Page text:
Summer Jobs

How to ruin the best season of the year

If you’re like most college students, by the time the spring session of exams rolls around, you’re down to your last few pennies. As soon as summer begins, there are only two things to do: celebrate your freedom and then kiss it goodbye by starting a summer job. After all, you need to be able to afford to go back to school in the fall.

Though you might prefer to spend your summer lounging in the warm sun, summer jobs don’t have to be an unpleasant experience. They can be a great opportunity for college students to have some fun, gain valuable work experience and earn some decent money.

Finding a Summer Job

In order to make the most of your summer job experience, you first need to go out and find a place that will employ you. Competition for jobs can be fierce with so many students finishing exams and trying to start work at the same time every spring. You can never begin your job search too soon. Some of the best summer jobs have an application deadline of January or February. Don’t delay or you could miss out. Have an up-to-date resume and cover letter ready to go at all times.

If you spend your summers in the same city where you go to college, go to your school’s career services office and ask if they have summer job postings. If you move back to your hometown over the summer, get your parents to send you a local newspaper and look through the classified section for places that are hiring (some companies will even mention in their ad if they hire students for summer positions). Also, don’t forget to ask your friends and family if they know of any places that are hiring. Use your personal network.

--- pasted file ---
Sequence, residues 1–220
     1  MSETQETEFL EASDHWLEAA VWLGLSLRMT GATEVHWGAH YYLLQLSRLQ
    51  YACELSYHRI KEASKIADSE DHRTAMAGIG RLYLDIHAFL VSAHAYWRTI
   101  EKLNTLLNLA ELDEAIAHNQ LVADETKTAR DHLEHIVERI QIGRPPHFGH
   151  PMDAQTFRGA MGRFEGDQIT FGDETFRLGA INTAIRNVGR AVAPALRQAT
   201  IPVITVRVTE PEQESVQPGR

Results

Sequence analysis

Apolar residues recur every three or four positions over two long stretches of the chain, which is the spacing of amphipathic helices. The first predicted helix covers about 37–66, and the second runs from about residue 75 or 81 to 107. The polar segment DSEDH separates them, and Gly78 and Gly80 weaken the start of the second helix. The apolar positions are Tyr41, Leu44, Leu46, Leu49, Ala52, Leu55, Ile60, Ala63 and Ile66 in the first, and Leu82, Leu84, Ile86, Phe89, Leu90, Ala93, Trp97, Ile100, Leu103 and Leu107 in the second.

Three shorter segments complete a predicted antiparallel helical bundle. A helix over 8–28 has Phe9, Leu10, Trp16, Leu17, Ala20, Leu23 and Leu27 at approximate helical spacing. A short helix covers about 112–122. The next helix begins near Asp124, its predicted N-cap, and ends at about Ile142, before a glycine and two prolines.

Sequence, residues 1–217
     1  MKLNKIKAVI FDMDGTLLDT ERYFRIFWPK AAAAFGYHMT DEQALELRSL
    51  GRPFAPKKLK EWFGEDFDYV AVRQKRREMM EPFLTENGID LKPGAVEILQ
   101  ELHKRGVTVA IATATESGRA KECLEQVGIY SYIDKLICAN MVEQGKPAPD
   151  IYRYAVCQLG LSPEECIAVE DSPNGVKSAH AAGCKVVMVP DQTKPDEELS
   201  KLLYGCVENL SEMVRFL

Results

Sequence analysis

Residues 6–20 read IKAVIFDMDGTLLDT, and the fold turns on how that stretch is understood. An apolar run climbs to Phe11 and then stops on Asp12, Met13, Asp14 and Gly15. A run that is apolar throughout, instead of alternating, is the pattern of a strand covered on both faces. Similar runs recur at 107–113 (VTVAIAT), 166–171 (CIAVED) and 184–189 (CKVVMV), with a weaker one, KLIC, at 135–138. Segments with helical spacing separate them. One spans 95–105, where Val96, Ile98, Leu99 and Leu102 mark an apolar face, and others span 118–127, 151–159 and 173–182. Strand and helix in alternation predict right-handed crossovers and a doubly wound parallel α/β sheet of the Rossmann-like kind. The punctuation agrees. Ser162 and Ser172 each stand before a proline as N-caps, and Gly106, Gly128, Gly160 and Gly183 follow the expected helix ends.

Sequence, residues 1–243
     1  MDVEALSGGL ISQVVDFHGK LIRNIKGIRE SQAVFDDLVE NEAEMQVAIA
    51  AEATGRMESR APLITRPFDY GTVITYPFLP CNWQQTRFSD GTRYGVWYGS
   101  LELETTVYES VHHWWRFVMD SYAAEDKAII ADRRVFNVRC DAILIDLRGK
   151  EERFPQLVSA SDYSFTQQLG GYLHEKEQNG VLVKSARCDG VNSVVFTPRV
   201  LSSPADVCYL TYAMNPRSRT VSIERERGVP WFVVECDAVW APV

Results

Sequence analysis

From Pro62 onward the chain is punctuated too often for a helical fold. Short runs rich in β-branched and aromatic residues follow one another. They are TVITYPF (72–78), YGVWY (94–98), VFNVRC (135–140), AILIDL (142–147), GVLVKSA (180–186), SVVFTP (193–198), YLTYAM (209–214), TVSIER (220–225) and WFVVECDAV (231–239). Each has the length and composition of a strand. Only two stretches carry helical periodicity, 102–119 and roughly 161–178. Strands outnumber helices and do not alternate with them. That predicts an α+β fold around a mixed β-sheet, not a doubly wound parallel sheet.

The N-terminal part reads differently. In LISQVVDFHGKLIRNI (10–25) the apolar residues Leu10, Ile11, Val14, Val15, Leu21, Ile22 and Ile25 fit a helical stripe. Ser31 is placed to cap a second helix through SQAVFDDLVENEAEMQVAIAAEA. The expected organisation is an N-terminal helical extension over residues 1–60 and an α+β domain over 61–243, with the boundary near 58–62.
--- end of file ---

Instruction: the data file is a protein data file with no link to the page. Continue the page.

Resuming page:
In order to find the summer job that’s best for you, make sure you think about the following things:

  • Indoors or outdoors? Do you want to work in a climate-controlled office, or would you rather be out in the sunshine?
  • Working hours. Do you want to work a regular nine-to-five schedule, or would you prefer to have flexible hours?
  • Safety first. Unfortunately, many of the most common summer jobs for college students are among the most dangerous jobs in America. Some jobs - for example, landscaping, construction, agricultural field work, painting and window cleaning - put students at risk of physical injury because of the dangerous equipment that’s used (power tools, ladders, etc.). Jobs that require you to work alone at night, like security guards and gas station attendants, put you at risk of mugging and assault.
  • Career potential. If you can do it, it’s a good idea to find a summer job that has some relevance to what you are studying in college. Summer jobs can help you discover possible career paths and meet contacts who may be interested in hiring you for a permanent position after you graduate.

Don’t be discouraged if you don’t find a job right away. Not every place that hires summer students places an ad in the newspaper or makes a formal announcement. Some of the best companies wait for students to come to them. If there’s a place you want to work, call them up and ask if they would consider hiring you. Even if they don’t normally hire students in the summer, point out the skills that you’d be able to offer.

If you still can’t find a job, go sign up at a temp agency. You’ll have to sacrifice some job security, but you won’t get bored being stuck in the same job all summer.

Get a Reference

At the end of the summer, ask your employer for a reference letter. It may be useful in the future when you are looking for a part-time job or another summer job. It may also help you get hired full time after you graduate.

Advertiser Links for Summer Jobs
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